There are a lot of fantastic perks of being a freelancer. You no longer have to deal with a horrible boss, you can create a schedule that works for you, and you can work from anywhere in the world (yes, even the beach or a cozy ski resort).
But one of the main challenges is that you no longer have a steady paycheck, which means your income can be unpredictable. Some months are bound to be more profitable than others, so it’s critical to budget responsibly. (After all, you don’t want to find yourself stranded on your workcation because plane tickets are sky high.)
4 Budgeting Tips to Help you Manage your Money
- Estimate your total income and expenses.
- Set aside money for your taxes.
- Create an emergency fund.
- Choose a budget and stick to it.
Be scrupulous about tracking your income and business expenses right when you get paid or make a payment. It will be easier to stay organized if you have a business credit card, open a business bank account, and pay yourself by transferring money from your business account to your personal account.
Hire a financial advisor or find a bookkeeping strategy that works for you and stick with it – that way you’ll always know the average amount you will make each month and at the end of the year. Don’t get stuck shuffling through a huge stack of receipts, invoices, and timesheets. Use a free tool like AND CO From Fiverr regularly to save you time and aggravation and make it easier to forecast your income.
The process of paying your taxes as a freelancer is different than paying them as a full-time employee. When you work full-time, your taxes are taken out of each paycheck so you don’t have to think about it until April. Now your taxes are no longer automatically withheld and you have to pay annual and quarterly taxes. It can be tricky to calculate your quarterly taxes – and you’re dealing with the government, so you need to get it right. An accountant or tax preparer can help you follow all of the rules and regulations.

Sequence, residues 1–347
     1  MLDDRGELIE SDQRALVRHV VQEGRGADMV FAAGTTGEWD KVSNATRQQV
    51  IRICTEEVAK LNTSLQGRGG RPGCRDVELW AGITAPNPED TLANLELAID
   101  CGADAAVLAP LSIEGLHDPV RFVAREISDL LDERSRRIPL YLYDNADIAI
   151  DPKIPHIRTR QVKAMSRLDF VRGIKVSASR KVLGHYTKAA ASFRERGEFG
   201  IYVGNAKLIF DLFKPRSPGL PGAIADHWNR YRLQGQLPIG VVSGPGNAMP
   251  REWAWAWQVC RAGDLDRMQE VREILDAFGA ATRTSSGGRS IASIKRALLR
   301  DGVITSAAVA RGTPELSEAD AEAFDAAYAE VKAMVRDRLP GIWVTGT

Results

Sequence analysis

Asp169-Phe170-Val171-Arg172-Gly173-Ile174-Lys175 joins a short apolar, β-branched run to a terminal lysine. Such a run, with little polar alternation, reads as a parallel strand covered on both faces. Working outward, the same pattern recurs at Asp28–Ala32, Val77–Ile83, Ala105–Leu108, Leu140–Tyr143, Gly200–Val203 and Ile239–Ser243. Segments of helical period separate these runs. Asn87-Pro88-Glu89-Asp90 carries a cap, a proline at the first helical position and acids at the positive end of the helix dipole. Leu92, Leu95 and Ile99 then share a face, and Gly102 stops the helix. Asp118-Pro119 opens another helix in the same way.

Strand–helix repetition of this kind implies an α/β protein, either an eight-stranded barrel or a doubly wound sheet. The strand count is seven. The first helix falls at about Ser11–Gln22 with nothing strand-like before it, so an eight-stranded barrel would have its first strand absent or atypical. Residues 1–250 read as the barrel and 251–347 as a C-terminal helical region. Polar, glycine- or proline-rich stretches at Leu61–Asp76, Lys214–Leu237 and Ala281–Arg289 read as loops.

Your quarterly taxes will change, but make sure you set aside more than what you paid for the previous quarter so you factor it into your budget. Your accountant may also be able to tell you your estimated quarterly taxes for the entire year based on your average income and expenses.
Would you have enough money to cover an expensive medical bill that you didn’t anticipate? In a recent Bankrate survey, 34% of the participants said they’d had an unexpected expense in the past year, but only 39% of participants said they’d be able to cover a $1,000 bill using the money in their savings account. Most experts recommend that you have three to six months of expenses saved up in an emergency fund that you don’t use unless you absolutely need it. If you can afford it, grow your emergency fund by factoring it into your monthly budget.
Now that you have more clarity about your net income, it’s time to set up your budget. Consider using the 50/20/30 guideline to create your budget each month. Spend 50% of your money on essential costs such as rent, mortgage payments, utilities, groceries, gas, or public transportation. Use 20% for payments or contributions that help you reach your financial goals like paying your student loans and credit card bills, adding to your emergency fund, saving for retirement, and accomplishing big goals like buying a car or house. Allocate the last 30% for fun things like travel, shopping, and going out to eat.
What are your best budgeting tips? Tell us in the comments below!